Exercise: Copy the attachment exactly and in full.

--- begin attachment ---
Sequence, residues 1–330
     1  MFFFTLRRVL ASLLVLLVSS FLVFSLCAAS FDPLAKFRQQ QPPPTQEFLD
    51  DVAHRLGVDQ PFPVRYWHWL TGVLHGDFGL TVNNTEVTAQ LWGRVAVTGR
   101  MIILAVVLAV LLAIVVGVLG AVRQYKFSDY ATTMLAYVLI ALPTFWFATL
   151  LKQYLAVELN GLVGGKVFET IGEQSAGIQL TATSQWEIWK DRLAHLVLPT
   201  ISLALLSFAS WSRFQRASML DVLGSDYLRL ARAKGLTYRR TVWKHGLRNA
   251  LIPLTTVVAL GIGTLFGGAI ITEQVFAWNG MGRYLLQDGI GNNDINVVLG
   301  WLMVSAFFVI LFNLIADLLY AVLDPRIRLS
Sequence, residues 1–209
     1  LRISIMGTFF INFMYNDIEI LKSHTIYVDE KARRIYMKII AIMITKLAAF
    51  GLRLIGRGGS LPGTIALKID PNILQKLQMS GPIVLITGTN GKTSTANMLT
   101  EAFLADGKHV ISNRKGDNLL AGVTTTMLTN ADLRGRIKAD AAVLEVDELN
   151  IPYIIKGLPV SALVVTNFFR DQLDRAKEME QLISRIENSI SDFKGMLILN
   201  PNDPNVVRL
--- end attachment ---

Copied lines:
Sequence, residues 1–330
     1  MFFFTLRRVL ASLLVLLVSS FLVFSLCAAS FDPLAKFRQQ QPPPTQEFLD
    51  DVAHRLGVDQ PFPVRYWHWL TGVLHGDFGL TVNNTEVTAQ LWGRVAVTGR
   101  MIILAVVLAV LLAIVVGVLG AVRQYKFSDY ATTMLAYVLI ALPTFWFATL
   151  LKQYLAVELN GLVGGKVFET IGEQSAGIQL TATSQWEIWK DRLAHLVLPT
   201  ISLALLSFAS WSRFQRASML DVLGSDYLRL ARAKGLTYRR TVWKHGLRNA
   251  LIPLTTVVAL GIGTLFGGAI ITEQVFAWNG MGRYLLQDGI GNNDINVVLG
   301  WLMVSAFFVI LFNLIADLLY AVLDPRIRLS
Sequence, residues 1–209
     1  LRISIMGTFF INFMYNDIEI LKSHTIYVDE KARRIYMKII AIMITKLAAF
    51  GLRLIGRGGS LPGTIALKID PNILQKLQMS GPIVLITGTN GKTSTANMLT
   101  EAFLADGKHV ISNRKGDNLL AGVTTTMLTN ADLRGRIKAD AAVLEVDELN
   151  IPYIIKGLPV SALVVTNFFR DQLDRAKEME QLISRIENSI SDFKGMLILN
   201  PNDPNVVRL